COMPARATIVE EXAMPLE 3

Resin particles having only sulfonyl group on their surfaces were employed.

COMPARATIVE EXAMPLE 4

The primary particle diameter of resin particles was changed to 8 nm.

COMPARATIVE EXAMPLE 5

The primary particle diameter of resin particles was changed to 100 nm.

COMPARATIVE EXAMPLE 6

The concentration of resin particles was changed to 0.005 wt %.

COMPARATIVE EXAMPLE 7

The concentration of resin particles was changed to 2 wt %.

COMPARATIVE EXAMPLE 8

The first surfactant was not incorporated.

COMPARATIVE EXAMPLE 9

The second surfactant was not incorporated.

COMPARATIVE EXAMPLE 10

TMAH was replaced by ethylene diamine.

COMPARATIVE EXAMPLE 11

TMAH was replaced by ethylene KOH.

COMPARATIVE EXAMPLE 12

pH was changed to 3.

COMPARATIVE EXAMPLE 13

pH was changed to 10.

Incidentally, in Examples 10 and 11, the pH was 4. Further, in Examples 12 and 13, the amount of TMAH was adjusted to control the pH thereof to a predetermined value, respectively.

After the washing treatment, the measurement of light field defectives in a region (174.25 cm2/wafer) on a pattern wafer was performed and at the same time, the yield with respect to the short-circuit between wirings was measured. As the kinds of defects assessed herein, they included dust and scratches observed generally after the CMP thereof in addition to the water mark on the insulating film and the residues of resin particles remaining on the entire surface thus treated. Incidentally, the dust and scratches were investigated throughout the entire surface thus treated. The results obtained are summarized in the following Tables 2 and 3.

TABLE 2
Number of Yield in wiring
Examples defects short-circuit (%)
1 1 94
2 2 95
3 1 97
4 0 91
5 2 92
6 5 95
7 3 98
8 2 99
9 0 98
10 3 95
11 4 99
12 2 94
13 1 99
14 0 98
15 1 97

TABLE 3
Comp. Number of Yield in wiring
Examples defects short-circuit (%)
1 562 76
2 63 85
3 69 81
4 165 79
5 80 81
6 120 74
7 453 75
8 46 82
9 22 87
10 8 69
11 82 88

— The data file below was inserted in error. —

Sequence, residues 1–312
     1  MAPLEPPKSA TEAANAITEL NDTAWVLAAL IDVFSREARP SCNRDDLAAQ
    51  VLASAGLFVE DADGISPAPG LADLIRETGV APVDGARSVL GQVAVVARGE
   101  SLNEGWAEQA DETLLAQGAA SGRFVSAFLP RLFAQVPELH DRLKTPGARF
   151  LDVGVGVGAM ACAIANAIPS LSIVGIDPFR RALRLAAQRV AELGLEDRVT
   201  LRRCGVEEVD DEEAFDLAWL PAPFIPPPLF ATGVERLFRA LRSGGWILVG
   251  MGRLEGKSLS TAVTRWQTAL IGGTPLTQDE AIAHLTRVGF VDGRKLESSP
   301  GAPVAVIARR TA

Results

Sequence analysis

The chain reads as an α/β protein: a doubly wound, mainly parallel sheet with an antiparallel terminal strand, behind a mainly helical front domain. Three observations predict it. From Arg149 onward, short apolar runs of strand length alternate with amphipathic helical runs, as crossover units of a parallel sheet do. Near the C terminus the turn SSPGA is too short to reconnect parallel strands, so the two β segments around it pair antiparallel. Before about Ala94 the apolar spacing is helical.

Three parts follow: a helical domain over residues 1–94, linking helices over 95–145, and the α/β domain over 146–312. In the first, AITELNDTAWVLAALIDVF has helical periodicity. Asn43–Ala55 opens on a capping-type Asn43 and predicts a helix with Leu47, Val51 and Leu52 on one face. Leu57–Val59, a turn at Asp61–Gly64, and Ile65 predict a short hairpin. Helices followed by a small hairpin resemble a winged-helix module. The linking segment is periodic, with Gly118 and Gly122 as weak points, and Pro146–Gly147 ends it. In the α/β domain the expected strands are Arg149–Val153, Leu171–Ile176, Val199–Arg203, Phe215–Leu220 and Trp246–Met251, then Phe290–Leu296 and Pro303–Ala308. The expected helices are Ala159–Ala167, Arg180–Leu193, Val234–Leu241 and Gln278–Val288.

12 74 72
13 66 83

As shown in Table 2, when the washing was performed using treating liquids (Examples 1-15) each comprising resin particles having two kinds of functional groups and a predetermined range of primary particle diameter and a predetermined range of concentration; the first and second surfactants; and TMAH; the pH thereof falling within the range of 4 to 9, it was possible to improve the semiconductor device in terms of the number of defectives and electric properties. More specifically, the number of defects was 5 or less and the yield with respect to the short-circuit between wirings was increased up to 90% or more. As long as the number of defects is confined to not more than 9, it is considered acceptable. With regard to the yield with respect to the short-circuit between wirings, it is demanded to be 90% or more. The defects acceptable herein are consisted of dust and scratches.

Incidentally, in every examples, the polishing rate of the wiring material film 106 was about 1 nm/min and the polishing rate of the second insulating film 104 was about 1 nm/min.

In view of these results, it was assumed that when the treating liquid was constructed as represented by these Examples, it was possible to effectively remove residues through mechanical action without imposing excessive loads on a hydrophobic fragile insulating film of low dielectric constant. Especially, it was possible to effectively remove even the water mark that may generate on the surface of insulating film and bring about the deterioration of electric properties. It was also possible to prevent the generation of scratches.